A Thousand Splendid Suns starts with a term of abuse thrown at one of the protagonists — Mariam — by her mother: "harami." The word means illegitimate and would be deeply hurtful to someone from a culture that prizes patriarchy. To be without her father's name and patronage is Mariam's curse. It shapes her character and her destiny. What is interesting is that despite Jalil Khan's rejection and Nana's warnings, Mariam worships her father. Her feelings for Nana are more ambivalent. Nana's depression and epilepsy make her a difficult parent but she tries to forearm Mariam by telling her, " ... a man's accusing finger always finds a woman. Always." Mariam will remember this all her life.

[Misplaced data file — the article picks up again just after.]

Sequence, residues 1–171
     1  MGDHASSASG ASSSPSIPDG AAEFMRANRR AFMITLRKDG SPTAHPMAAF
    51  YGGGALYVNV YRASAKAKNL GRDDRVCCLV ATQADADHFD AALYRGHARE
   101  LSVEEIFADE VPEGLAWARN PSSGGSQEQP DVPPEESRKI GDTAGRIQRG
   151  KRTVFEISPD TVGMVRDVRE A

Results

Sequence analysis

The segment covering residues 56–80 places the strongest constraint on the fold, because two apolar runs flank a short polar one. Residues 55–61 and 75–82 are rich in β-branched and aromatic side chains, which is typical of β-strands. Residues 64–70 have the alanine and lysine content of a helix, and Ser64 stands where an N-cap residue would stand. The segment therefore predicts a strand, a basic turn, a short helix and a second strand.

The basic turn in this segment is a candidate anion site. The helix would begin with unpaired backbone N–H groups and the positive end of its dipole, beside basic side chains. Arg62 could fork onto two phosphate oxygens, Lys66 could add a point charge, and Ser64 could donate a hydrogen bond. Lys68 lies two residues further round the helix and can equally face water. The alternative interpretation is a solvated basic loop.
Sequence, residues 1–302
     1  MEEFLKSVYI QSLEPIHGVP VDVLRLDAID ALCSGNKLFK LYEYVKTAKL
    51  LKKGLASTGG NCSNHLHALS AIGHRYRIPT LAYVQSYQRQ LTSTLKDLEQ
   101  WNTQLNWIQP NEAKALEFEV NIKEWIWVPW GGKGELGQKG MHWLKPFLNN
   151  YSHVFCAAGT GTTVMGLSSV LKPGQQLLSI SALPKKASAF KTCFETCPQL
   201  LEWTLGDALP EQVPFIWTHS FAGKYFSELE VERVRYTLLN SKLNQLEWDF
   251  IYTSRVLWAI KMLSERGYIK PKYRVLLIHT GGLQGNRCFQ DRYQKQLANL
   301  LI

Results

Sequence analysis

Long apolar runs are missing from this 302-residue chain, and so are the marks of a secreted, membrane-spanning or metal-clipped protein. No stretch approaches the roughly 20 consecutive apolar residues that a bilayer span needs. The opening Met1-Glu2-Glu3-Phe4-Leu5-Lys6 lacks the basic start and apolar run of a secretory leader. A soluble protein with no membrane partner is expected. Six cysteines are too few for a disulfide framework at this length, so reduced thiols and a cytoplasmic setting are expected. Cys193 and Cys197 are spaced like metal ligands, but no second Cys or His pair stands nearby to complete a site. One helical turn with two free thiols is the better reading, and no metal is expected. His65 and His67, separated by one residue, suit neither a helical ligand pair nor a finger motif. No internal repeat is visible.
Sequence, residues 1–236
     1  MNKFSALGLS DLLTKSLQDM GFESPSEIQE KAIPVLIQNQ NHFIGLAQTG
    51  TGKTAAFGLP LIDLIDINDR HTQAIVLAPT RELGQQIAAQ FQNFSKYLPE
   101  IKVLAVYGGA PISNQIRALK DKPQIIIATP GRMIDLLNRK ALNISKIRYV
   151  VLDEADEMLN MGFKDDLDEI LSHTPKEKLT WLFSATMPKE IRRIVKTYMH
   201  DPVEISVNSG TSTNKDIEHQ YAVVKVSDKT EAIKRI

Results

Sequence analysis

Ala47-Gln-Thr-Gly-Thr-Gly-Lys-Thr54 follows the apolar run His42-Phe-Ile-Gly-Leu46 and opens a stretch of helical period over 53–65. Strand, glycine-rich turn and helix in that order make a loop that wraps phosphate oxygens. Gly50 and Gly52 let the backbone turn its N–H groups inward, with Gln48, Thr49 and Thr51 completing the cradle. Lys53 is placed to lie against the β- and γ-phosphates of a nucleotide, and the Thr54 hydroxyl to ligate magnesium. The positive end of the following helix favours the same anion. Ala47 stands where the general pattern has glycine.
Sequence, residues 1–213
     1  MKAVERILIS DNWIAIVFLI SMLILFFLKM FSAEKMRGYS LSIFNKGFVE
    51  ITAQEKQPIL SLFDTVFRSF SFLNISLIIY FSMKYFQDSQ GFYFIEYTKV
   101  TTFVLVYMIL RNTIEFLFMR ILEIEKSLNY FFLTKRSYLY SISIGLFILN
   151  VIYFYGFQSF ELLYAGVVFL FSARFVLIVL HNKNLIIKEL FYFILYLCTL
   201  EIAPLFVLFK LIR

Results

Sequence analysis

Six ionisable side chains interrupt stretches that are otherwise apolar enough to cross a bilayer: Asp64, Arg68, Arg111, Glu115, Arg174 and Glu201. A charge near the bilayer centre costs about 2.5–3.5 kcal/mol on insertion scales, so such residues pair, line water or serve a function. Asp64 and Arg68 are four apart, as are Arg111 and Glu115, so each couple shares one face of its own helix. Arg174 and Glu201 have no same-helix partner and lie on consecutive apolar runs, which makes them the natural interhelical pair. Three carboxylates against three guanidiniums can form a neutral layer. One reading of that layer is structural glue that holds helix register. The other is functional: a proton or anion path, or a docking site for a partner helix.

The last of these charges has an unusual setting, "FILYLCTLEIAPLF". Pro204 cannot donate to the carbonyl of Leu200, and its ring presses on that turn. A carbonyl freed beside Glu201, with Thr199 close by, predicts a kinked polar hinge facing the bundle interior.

- What does the location (on the outskirts of Gul Daman) of the hut that Nana and Mariam live in tell us about their position in Jalil's life and in the community?
- What kind of a mother is Nana? Do you believe Nana's account of Mariam's birth?
- Can we understand Jalil's refusal to see his daughter when she comes to Herat? Could he have been thinking of her welfare by arranging her marriage to Rasheed?
- What is your take on Mullah Faizullah explanation of Nana's behavior? Is Nana a sympathetic character?